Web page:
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The Rise of the Queer Astrology Movement

At the Queer Astrology Conference, astrologers interrogate the idea that men are from Mars and women are from Venus.

Callie Beusman

Callie Beusman

Image via Stocksy

According to an old cliché, men are from Mars and women are from Venus. But, as any reasonably enlightened person can tell you, this adage upholds an antiquated and restrictive gender binary. In other words, Mars and Venus are social constructs.

For the past few decades, queer theory has become increasingly popular in academia and criticism; the purpose of this field of study is fairly hard to define, and intentionally so. Mostly it focuses on interrogating and dismantling stable conceptions of gender, sex, and sexuality. Queerness, as a concept, is meant to be ambiguous; in queer theory, it's essentially used to refer to anything outside of existing social norms. Recently, the concept found its way into a far more esoteric realm: In 2012, a group of professional astrologers started a queer astrology movement after meeting at a conference in New Orleans.

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"It was my first time kind of seeing what the greater astrological, organizational people are like when they get together, and it was also the place where I met my peers and colleagues for the first time," recalls Ian Waisler, a leading queer astrologer. "A couple of us, who were all roughly the same age and from California, were like, 'We love this, and at the same time, it's missing some views in the world that we are excited about.' After we hung out and started talking, we decided to take this on as our work."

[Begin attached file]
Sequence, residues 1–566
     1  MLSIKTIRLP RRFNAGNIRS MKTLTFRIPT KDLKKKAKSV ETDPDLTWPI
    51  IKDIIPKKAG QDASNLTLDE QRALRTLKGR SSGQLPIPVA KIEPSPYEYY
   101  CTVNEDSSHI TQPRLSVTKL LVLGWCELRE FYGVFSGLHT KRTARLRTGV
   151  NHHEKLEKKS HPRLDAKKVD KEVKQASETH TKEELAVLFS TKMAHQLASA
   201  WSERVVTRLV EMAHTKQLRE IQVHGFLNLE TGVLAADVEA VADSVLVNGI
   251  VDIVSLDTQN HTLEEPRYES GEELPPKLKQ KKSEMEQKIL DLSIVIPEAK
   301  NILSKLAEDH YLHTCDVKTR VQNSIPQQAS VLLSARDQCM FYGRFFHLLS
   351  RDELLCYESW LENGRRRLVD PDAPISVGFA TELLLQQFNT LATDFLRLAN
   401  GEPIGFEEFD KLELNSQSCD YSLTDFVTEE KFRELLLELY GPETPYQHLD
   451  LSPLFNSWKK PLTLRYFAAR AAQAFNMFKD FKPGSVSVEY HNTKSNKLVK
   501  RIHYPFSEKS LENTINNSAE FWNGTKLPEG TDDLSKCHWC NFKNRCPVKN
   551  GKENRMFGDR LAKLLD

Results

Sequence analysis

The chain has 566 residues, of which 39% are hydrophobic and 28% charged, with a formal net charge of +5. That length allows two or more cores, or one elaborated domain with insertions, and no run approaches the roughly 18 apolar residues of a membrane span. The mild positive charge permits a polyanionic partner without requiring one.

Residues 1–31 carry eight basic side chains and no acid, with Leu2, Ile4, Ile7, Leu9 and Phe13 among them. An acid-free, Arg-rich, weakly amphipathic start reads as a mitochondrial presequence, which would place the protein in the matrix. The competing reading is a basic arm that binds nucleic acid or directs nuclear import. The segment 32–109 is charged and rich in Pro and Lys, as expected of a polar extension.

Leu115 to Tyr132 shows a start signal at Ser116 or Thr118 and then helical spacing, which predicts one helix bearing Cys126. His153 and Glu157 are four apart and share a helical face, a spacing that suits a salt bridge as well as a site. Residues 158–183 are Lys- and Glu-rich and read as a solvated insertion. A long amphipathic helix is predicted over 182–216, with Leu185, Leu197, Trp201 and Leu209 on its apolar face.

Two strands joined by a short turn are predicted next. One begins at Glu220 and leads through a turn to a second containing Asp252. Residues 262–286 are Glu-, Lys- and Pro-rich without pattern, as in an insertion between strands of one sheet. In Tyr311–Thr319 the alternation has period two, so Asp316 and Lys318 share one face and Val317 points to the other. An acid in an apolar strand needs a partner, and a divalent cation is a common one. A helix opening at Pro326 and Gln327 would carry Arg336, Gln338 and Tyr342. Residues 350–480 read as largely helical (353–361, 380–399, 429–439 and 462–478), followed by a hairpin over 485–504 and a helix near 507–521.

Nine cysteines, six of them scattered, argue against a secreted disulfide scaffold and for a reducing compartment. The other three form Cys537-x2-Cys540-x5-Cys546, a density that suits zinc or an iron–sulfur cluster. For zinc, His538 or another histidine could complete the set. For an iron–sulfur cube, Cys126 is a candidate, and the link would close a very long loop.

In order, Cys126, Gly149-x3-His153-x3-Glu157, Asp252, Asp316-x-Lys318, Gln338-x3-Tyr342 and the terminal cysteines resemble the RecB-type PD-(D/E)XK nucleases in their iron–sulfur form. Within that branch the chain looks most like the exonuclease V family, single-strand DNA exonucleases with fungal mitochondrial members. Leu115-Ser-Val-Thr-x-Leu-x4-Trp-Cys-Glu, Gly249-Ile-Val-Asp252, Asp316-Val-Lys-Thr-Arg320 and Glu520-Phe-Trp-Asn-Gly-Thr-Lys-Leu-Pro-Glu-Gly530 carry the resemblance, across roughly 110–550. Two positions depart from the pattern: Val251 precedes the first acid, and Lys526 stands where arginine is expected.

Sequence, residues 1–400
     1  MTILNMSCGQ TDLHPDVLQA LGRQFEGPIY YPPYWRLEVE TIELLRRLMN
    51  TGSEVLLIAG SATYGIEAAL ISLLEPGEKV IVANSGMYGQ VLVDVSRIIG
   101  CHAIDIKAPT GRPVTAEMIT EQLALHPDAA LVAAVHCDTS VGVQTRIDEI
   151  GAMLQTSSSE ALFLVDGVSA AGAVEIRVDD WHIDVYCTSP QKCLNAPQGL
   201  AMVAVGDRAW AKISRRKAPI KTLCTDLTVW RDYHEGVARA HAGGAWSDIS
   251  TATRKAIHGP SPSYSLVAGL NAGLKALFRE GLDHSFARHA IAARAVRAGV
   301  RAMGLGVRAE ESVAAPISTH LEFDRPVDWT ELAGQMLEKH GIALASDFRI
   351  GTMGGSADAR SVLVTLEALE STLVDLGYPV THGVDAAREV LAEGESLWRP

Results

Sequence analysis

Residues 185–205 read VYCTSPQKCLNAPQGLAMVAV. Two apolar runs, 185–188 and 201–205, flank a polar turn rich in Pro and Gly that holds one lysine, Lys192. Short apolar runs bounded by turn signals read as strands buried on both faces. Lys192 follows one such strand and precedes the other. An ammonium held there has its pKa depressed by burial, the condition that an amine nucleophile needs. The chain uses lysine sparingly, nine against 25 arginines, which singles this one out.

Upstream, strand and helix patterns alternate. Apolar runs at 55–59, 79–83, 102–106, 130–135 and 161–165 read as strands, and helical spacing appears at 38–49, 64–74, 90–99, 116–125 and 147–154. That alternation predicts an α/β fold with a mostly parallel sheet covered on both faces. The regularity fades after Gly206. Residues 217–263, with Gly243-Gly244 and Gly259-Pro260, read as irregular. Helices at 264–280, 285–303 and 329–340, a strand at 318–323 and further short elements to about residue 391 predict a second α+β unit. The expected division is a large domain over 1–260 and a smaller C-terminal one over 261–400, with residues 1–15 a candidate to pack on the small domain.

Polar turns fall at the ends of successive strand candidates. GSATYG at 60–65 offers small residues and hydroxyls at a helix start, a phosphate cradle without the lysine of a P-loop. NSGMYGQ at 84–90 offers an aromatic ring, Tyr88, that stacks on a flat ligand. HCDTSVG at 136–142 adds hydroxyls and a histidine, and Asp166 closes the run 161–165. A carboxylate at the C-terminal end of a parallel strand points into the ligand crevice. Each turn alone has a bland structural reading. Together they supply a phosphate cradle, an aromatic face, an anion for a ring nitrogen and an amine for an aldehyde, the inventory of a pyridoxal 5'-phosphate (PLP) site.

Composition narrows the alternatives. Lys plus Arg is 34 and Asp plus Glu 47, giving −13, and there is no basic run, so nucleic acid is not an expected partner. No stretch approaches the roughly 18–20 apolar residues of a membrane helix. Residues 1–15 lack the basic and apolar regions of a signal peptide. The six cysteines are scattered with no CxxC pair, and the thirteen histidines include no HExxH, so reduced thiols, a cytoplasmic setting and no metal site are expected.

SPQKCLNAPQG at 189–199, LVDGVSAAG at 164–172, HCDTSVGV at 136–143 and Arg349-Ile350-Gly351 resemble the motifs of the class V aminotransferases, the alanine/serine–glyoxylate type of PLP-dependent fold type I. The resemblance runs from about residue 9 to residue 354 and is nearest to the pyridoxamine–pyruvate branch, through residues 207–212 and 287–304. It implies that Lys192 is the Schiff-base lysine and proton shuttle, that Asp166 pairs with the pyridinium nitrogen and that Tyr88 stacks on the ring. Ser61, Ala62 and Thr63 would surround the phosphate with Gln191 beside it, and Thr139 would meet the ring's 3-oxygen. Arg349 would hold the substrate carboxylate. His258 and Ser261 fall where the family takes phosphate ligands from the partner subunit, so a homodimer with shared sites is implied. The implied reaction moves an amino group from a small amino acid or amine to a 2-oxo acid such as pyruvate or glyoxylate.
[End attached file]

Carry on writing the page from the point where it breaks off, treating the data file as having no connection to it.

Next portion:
A year later, Ian and some fellow astrologers held the first annual Queer Astrology conference in San Francisco, which about 120 people attended. Topics included "The Saturn Return of AIDS," in which an astrologer who had lost his partner to AIDS discussed his experience making a star chart for the epidemic, with the date the CDC named the virus serving as its birthday; "Lilith And Adam: The Origins Of Gender, Sex and Deviance," which examined the mythology around Adam (of Bible fame) and Lilith, a woman who was cast out of Eden for refusing to have sex in the missionary position; and "Ecosexuality: Liberating the Venus Within Pluto," which, according to its event description, was meant to serve as "an entryway to awakening the astrological archetypes in a radically animate cosmology which recognizes the centrality of relationship to our being." Since that first conference, he and his colleagues have hosted a second one, and they're currently planning a Queer Astrology tour of the US and Canada for next spring.

As someone with a working knowledge of both queer theory and astrology, I find it bizarre when people get angry about the latter because they say it's "made up," because everything on this planet is fabricated and ultimately meaningless, and you rarely see people getting upset over that. "Gender is a construct that exists that we've inherited," Ian told me, sounding very casual. Astrology, too, we have inherited. Like anyone who takes mushrooms after finishing a 100-level women's studies course might tell you, it seems sort of arbitrary to make a distinction between assigning set meaning to predictable planetary movements and assigning set meaning to various specific parts of the human anatomy.